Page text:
Veggies and herbs to stick in the khao soi

Preparing the rice noodles
Laap is another traditional Laos dish which can be made with a variety of meats.  I'm just guessing pork is the most common, but for all I know maybe it's goat brain.  Anyways, we tried the pork.  The meat is ground, stir fried and served like a warm salad with a lot of herbs and fish sauce.  Not amazing, but not bad either.

I really loved the sticky rice that's served all over Laos, sometimes steamed inside bamboo sticks, and sometimes in giant bamboo containers.  To clarify, this is a portion size for one person.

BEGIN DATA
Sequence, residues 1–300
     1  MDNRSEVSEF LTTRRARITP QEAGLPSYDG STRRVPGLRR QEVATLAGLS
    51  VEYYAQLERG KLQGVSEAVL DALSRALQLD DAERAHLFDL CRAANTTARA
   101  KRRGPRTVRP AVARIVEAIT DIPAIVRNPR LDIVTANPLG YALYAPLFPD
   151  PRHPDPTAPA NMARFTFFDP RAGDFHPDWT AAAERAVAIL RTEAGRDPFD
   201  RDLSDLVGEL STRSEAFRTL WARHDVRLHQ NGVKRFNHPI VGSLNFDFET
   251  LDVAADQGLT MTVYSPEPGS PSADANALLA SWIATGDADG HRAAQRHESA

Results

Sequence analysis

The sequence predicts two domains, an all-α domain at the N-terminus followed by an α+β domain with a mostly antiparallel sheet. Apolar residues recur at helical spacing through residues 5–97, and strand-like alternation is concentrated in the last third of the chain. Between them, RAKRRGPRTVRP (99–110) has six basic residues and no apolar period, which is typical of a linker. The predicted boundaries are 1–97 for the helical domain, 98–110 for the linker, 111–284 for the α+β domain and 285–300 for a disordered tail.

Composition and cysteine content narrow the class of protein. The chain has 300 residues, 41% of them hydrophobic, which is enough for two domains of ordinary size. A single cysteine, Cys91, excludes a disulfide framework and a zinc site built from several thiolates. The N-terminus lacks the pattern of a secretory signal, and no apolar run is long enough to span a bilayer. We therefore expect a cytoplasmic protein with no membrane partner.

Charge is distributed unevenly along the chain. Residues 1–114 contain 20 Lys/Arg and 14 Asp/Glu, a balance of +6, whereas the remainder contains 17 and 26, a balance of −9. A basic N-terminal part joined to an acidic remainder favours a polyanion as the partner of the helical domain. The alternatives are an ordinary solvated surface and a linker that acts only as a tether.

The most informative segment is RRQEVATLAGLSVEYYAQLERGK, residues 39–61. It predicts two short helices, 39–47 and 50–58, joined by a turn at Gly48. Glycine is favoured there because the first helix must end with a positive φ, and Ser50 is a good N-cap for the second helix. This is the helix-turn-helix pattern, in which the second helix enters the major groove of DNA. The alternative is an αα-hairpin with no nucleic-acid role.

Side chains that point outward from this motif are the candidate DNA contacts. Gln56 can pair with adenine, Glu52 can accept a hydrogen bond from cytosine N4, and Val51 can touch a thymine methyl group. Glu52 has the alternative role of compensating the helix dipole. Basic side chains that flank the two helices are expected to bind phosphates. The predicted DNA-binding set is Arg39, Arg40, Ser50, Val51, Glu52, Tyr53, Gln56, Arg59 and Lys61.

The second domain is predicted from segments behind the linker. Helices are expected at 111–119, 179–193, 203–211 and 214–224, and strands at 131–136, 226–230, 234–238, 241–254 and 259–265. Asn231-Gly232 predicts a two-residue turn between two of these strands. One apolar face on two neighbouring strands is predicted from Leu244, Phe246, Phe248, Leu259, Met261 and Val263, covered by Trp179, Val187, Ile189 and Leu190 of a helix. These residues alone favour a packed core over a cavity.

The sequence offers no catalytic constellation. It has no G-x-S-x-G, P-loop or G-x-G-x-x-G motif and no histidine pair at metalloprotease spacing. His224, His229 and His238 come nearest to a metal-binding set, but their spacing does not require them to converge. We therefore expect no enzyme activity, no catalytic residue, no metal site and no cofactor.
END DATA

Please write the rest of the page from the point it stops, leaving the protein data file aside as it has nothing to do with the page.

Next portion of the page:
One of the best meals from Vientiane was at Kung's Cafe.  The cafe is at the end of a small alley and feels like a home garden.  The dishes are both traditional and reasonably priced.  We tried the pad lao which was made with clear noodles, eggs and scallions.  It was not as heavy on the fish sauce as pad thai, but still really good.  Next was a delicious red fish curry with rice.  My favorite was the sticky rice pancake stuffed with a mango, which can be drizzled with maple syrup.
Vegetable pad lao
Lunch dessert? The sweet sticky rice pancake stuffed with mango. 
Food in Luang Prabang was pretty good but also a little westernized due to the town being such a tourist hotspot.  There is a local night market that serves up some tasty bbq, we had the pork belly and a whole fish.  For budget travelers, this market also has several "eat as much as can fit on a plate" deal for 15k kip ($2).